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Obama explains change on drilling

CAPE CANAVERAL, Fla. — Sen. Barack Obama said on Saturday that he would reluctantly consider accepting some new offshore oil drilling in the Gulf of Mexico in exchange for stripping oil companies of tax breaks and extending several tax credits to spur the search for alternative fuels.

At the same time, Senate Republicans appear to have dropped their insistence on opening the Arctic National Wildlife Refuge to drilling.

Obama has until now opposed any new offshore drilling. But in a wide-ranging news conference Saturday morning, he noted that there have been ”very constructive“ talks in recent days, and he applauded an $84 billion plan unveiled by a group of Republican and Democratic senators to permit such drilling while supporting an effort to convert most vehicles to using alternative fuels in the next 20 years.

”If we come up with a genuine bipartisan compromise, where I have to accept some things that I don't like in order to get energy independence, that's something I will have to consider,“ Obama said.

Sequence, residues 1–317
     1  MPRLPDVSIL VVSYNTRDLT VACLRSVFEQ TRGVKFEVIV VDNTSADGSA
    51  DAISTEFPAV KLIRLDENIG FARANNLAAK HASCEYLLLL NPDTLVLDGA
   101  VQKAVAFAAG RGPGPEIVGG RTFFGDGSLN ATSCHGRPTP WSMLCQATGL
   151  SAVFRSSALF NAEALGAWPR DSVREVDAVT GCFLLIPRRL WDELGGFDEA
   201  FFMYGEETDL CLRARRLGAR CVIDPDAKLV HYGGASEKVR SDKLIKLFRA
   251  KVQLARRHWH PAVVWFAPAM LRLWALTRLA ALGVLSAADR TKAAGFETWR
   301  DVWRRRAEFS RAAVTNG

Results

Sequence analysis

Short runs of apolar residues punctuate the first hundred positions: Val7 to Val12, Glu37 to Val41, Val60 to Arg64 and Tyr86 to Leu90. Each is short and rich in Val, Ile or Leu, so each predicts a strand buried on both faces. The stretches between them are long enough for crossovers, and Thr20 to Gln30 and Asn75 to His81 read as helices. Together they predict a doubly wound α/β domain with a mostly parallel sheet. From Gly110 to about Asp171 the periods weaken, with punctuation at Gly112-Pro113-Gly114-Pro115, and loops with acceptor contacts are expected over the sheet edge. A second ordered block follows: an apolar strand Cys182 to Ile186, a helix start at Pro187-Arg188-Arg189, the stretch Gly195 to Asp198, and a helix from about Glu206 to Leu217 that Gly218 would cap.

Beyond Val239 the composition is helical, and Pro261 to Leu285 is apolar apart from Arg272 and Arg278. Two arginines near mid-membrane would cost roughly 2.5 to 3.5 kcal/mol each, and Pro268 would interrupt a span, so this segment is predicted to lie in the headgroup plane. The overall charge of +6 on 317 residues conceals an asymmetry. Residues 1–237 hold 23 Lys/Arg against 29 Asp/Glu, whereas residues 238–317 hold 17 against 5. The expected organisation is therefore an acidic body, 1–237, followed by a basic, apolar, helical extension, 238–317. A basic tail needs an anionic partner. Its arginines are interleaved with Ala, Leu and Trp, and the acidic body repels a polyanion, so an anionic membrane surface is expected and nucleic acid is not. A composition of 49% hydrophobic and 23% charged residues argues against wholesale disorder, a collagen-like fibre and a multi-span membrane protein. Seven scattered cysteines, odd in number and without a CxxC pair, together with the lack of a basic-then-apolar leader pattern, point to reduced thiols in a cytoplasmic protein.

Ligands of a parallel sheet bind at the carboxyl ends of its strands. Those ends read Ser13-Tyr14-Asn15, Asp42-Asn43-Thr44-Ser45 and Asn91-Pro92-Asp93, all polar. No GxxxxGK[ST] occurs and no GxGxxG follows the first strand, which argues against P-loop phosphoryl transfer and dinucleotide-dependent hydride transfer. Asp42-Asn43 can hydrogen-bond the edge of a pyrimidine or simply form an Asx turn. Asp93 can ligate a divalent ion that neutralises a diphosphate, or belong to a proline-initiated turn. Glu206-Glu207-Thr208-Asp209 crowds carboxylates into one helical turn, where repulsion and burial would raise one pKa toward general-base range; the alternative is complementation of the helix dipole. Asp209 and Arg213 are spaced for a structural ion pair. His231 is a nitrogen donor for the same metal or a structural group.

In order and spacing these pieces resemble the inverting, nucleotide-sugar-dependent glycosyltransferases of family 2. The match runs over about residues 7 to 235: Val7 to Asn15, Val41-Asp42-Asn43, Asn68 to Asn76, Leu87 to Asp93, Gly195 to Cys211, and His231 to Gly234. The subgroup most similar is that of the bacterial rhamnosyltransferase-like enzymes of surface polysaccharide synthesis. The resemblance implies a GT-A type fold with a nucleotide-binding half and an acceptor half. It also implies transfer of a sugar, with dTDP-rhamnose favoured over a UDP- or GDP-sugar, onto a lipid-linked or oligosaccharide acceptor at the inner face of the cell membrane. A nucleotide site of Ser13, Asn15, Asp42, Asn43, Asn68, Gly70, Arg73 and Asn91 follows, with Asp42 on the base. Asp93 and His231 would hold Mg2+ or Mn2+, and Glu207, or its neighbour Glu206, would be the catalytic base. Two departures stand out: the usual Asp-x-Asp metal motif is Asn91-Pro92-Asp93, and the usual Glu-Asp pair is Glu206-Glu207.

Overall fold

Still, he cautioned that he is not yet ”ready to sign off on any approach.“

Some leading Democrats in the Senate want compromise on drilling, fearing their party's opposition is becoming an issue in the fall election campaign.

On Saturday in Orlando, Obama told the National Urban League convention that Republican candidate John McCain's presidential campaign is cynical, not racist, in its efforts to distract voters from real issues.

”In no way do I think that John McCain's campaign was being racist,“ Obama said in his first meeting with reporters since predicting that McCain and other Republicans would try to scare voters because Obama looks unlike ”all those other presidents on the dollar bills“ — most of them older white men.

”I think they're cynical,“ he said. ”And I think they want to distract people from talking about the real issues.“

He added of the Republicans' approach: ”They're very good at negative campaigning. They're not so good at governing.“